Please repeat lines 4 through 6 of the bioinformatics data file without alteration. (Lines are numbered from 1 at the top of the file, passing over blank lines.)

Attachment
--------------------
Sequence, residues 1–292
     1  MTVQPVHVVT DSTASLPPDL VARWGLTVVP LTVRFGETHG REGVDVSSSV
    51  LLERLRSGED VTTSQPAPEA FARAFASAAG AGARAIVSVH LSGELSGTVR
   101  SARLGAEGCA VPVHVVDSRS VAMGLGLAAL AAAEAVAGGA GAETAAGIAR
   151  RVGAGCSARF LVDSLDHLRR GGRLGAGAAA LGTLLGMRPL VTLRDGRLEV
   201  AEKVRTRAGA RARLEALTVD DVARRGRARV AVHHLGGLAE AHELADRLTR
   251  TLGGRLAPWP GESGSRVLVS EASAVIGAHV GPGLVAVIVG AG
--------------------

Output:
   101  SARLGAEGCA VPVHVVDSRS VAMGLGLAAL AAAEAVAGGA GAETAAGIAR
   151  RVGAGCSARF LVDSLDHLRR GGRLGAGAAA LGTLLGMRPL VTLRDGRLEV
   201  AEKVRTRAGA RARLEALTVD DVARRGRARV AVHHLGGLAE AHELADRLTR